Why complaining doesn’t make you lifelong friends

“Nothing unites people more strongly than a common dislike. The easiest way to build friendship and communicate is through something negative.” Trevor Blake, author of Three Simple Steps

I was reading this article on Fast Company: “What it is like to go without complaining for a month?” and came across this quote of Trevor Blake. How true is this? Guilty as charged, I think we all are. From small to big circles, I am pretty sure that we have all experienced that.

Remember that time you bonded with your coworkers complaining about your boss or your company? Remember that time you were having red wine with some of your friends complaining about the unfairness of the society? Remember Brexit? Remember the last elections (wherever you are from)?

During my recent spell in France. I met this Ivorian priest who works in Liberia – interesting guy – we got to talk a bit about everything and he said this: “We know to say ‘no’ to things but we don’t know to say ‘yes’ to something”.

Herd behaviour vs Black sheep.

The truth is that people like to complain because it is easier. There is something comfortable with the ‘no’. It is not only easy to join a rant session, it is also stimulating because of the feeling of group approval. There is nothing tiring, nothing productive in complaining, you only need to cruise on others’ negativity.

In contrast, saying ‘yes’ to something – being proactive, positive – is hard, harder than saying ‘no’ to things. It is also more isolating and requires therefore more confidence. Saying ‘yes’ requires as well work therefore more effort, it requires to project oneself into the future, to set goals, to think about the steps, the solutions and sometimes to be persistent.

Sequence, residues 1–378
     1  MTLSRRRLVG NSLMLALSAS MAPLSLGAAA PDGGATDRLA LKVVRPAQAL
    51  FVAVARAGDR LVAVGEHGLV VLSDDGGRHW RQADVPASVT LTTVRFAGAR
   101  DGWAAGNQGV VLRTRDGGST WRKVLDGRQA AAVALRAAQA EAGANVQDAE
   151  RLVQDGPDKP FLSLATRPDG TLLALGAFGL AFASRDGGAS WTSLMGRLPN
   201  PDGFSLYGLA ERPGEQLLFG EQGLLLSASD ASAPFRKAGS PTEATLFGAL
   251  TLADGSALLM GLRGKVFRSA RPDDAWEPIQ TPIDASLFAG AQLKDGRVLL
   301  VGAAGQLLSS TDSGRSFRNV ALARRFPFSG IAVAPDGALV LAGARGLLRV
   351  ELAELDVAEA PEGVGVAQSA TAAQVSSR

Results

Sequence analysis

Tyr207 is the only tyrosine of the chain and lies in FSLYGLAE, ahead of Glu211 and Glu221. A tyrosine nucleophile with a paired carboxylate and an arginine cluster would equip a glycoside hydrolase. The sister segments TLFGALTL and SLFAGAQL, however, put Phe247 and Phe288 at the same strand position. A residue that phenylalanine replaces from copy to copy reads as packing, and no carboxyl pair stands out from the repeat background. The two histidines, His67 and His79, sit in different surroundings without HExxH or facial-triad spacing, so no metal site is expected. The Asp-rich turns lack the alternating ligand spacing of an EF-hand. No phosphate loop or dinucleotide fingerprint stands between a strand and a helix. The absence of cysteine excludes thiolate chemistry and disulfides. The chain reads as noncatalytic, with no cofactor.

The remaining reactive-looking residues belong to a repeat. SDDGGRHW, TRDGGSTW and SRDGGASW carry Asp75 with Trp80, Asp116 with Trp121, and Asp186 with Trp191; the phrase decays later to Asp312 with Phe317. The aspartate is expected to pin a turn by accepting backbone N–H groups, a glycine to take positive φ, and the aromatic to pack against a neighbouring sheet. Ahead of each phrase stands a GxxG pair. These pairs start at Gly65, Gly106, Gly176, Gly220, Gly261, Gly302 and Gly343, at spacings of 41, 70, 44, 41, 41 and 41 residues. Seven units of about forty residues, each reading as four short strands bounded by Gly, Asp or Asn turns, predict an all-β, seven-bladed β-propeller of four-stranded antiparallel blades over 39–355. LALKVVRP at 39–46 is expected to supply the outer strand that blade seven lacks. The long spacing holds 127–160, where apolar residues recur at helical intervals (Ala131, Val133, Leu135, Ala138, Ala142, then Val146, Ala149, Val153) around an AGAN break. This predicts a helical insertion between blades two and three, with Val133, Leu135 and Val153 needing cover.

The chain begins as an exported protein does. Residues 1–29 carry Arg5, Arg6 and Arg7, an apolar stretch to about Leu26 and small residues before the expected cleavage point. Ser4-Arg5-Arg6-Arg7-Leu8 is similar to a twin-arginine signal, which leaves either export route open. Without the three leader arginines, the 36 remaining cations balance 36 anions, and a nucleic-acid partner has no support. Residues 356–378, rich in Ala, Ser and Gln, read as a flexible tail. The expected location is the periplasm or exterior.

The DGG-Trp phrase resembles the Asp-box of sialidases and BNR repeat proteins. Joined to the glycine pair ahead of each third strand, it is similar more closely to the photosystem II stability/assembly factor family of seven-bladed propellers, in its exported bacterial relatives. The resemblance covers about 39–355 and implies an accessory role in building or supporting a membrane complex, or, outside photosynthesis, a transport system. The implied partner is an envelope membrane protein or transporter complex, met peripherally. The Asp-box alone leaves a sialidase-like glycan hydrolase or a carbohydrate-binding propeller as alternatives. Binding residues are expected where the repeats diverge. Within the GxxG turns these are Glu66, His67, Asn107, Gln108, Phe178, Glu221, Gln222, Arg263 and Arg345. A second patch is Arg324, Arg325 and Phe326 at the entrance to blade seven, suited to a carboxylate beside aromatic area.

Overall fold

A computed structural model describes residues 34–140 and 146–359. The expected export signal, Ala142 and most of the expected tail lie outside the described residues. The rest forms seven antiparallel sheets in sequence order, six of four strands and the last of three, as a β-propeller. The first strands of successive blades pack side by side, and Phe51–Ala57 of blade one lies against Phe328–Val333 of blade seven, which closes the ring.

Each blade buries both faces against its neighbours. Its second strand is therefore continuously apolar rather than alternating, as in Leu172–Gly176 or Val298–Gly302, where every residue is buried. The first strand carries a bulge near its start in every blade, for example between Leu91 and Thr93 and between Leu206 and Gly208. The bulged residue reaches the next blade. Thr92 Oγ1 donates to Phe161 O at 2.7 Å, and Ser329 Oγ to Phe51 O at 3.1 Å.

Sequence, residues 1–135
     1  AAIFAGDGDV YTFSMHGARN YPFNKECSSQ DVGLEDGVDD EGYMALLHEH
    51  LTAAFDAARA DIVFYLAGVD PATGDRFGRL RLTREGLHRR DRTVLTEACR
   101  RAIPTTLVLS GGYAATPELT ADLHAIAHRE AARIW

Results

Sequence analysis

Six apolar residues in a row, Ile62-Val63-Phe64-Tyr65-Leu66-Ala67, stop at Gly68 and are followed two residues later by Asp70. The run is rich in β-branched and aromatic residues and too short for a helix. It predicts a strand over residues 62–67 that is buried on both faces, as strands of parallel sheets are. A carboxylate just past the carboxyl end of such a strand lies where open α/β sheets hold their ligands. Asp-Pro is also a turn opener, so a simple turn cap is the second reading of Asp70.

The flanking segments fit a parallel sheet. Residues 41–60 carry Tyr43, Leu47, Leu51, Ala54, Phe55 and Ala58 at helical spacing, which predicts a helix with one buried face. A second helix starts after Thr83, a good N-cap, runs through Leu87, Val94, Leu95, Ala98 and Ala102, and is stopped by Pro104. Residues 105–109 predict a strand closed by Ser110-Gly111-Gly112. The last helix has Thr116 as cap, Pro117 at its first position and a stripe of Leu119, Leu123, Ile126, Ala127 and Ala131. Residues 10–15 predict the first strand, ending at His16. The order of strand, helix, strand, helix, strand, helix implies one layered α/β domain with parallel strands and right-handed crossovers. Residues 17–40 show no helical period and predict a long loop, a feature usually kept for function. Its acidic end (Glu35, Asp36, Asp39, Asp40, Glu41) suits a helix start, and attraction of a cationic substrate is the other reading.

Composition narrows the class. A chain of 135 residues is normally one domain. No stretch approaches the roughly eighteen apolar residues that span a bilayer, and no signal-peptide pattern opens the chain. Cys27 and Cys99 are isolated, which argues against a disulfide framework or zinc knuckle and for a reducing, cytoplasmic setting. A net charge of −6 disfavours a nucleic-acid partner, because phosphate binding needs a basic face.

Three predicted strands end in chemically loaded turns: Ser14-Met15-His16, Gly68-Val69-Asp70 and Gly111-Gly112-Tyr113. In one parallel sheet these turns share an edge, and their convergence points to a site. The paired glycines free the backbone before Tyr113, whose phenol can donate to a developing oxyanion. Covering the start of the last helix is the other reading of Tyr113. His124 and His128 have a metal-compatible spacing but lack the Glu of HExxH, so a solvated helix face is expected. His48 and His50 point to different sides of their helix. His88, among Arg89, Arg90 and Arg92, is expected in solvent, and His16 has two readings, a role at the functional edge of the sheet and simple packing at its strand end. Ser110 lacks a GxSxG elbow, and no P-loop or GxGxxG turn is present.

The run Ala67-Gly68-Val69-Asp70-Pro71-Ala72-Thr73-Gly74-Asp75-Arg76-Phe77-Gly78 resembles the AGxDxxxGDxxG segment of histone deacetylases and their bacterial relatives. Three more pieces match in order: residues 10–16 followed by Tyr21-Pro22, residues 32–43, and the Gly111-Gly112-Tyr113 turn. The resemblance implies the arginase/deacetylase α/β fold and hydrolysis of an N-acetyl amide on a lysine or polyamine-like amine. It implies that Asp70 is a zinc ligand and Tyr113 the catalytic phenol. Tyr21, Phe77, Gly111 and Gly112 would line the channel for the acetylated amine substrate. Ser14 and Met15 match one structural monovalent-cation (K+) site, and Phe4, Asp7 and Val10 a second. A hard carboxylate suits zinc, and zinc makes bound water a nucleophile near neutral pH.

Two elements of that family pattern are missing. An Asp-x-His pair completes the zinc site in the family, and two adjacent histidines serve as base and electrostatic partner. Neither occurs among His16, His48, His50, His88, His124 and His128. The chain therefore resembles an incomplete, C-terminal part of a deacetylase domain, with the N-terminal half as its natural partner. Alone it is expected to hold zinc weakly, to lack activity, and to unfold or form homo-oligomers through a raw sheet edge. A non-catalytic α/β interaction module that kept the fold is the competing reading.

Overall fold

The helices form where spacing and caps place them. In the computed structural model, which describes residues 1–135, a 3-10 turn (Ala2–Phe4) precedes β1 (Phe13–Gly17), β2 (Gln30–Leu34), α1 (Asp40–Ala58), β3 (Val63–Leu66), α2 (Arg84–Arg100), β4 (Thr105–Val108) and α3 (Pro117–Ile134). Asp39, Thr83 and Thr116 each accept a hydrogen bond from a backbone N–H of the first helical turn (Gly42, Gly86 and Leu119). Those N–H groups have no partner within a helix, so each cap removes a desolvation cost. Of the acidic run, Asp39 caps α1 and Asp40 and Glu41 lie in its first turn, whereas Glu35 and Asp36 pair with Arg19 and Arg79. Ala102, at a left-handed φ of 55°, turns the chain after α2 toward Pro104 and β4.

Easy-built vs Lifelong relationships.

‘No’ is like saying we need change then stop there. But the question is change for what? This is where complainers don’t cope because it is simple: there is usually no vision accompanying complaints. While it is easy to unite people, – even start friendships – around common dislikes, these negativity-based relationships have very little future. Why? Because common dislikes are often temporary, short-sighted and focused on problems. On the contrary, ‘yes’ is looking at the big picture, at solutions. It is about seeing what is good before seeing what is bad, it is about agreeing on a vision which will make people more open to compromises. So while indeed “the easiest way to build friendship and communicate is through something negative”, it is simple to see that positivity-based relationships are more likely to last because they project themselves in the future.

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